The Thunder Child: The Sci Fi Channel, a History of the First Two Years |
by Averil Chase
The Sci Fi Channel was launched on September 24, 1992. |
Mitchell Rubenstein and Laurie Silvers, two entrepreneurs from Boca Raton, originated the concept for The Sci-Fi Channel, but they lacked the finances to get the Channel off the ground. That's when the USA Network stepped in. They acquired the rights to the channel in March, 1991.
The USA Network continued to negotiate for exclusive rights to various TV series, and in "honing the concept, planning original programming, and promoting the fledgling cable channel."
Barry Schulman was the vice president in charge of programming. Popular series such as Lost in Space, Dark Shadows, The Invaders, and beginning in March, 1994, The Twilight Zone, were all exclusive to the Channel. (Doctor Who was shown on the Sci-Fi Channel, but also on PBS.)
From its inception, the Sci Fi Channel also included original programming, such as Sci Fi Buzz: "a behind-the-scenes look at the world of science fiction entertainment," and Inside Space, a show which "explores the fact and fantasy of space travel."
The Sci-Fi Channel also produced original made-for-TV movies, airing them in a slot entitled Planetary Premiere. In December 1992, the first one debuted: Homewrecker, starring Robby Benson as a computer genius and Kate Jackson as the voice of a computer. These Other movies included Official Denial (Parker Stevenson) and The Hidden 2.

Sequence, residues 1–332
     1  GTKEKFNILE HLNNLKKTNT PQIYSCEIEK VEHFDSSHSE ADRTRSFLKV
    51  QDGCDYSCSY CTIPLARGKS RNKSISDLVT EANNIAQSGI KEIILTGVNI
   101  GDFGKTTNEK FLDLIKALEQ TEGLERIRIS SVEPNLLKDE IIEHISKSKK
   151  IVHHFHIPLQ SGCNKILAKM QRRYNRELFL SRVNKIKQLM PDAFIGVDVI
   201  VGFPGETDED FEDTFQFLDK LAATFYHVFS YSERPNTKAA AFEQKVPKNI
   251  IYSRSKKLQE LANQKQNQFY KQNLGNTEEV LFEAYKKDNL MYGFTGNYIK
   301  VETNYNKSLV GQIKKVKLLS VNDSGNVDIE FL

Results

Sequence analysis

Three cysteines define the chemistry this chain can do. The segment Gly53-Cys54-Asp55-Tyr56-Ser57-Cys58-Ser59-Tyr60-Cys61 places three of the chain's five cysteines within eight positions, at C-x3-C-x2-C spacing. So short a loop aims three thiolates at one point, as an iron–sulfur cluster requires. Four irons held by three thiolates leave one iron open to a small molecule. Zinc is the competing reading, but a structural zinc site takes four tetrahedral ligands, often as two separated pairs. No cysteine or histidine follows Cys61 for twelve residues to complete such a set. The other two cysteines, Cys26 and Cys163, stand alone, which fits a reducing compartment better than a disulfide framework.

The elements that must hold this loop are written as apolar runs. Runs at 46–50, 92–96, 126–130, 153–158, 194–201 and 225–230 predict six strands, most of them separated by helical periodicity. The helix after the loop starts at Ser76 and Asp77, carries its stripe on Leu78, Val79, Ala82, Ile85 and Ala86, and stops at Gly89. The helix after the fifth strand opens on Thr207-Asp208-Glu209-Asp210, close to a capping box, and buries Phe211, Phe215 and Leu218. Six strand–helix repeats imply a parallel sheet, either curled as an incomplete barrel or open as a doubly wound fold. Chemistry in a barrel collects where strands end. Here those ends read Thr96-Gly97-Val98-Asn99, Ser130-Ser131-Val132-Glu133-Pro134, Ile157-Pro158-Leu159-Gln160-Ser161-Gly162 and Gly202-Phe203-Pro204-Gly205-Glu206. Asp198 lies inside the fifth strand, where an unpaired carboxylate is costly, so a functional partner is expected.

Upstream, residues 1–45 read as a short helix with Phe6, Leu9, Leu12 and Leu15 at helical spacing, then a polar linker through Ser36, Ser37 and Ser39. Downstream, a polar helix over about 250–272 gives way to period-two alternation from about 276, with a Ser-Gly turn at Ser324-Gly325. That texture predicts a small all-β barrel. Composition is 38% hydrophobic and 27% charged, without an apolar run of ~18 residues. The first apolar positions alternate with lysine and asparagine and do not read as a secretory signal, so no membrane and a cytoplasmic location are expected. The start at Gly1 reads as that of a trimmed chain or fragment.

Pilot Playhouse aired pilot episodes of many of the classic series - including the first pilot of Lost in Space, with no robot, no Dr. Smith, and a much more sombre atmosphere. That particular episode was hosted by June Lockhart, and included guest commentary from Jonathan Hrris (Dr. Smith) and Bill Mumy (Will Robinson).
In July 1993, the Sci-Fi Channel showed, for the first time ever, all three of the Star Wars movies back- to-back-to back. Carrie Fisher hosted the evening. Roddy McDowall was called in to host the Planet of the Apes marathons, Dirk Benedict hosted Battlestar Galactica marathons, and Darren McGavin hosted The Night Stalker.
Christopher Lee hosted Classic Monsters Month in October 1993. 20 classic horror movies were shown, including Bela Lugosi's Dracula.
The growth of The Sci Fi Channel was steady since its inception.
Next issue, The Sci Fi Channel...14 years later.
"Cable's Rising Star: Sci-Fi Channel", by Bill Canyon, Movie Club, March 1994, No. 2
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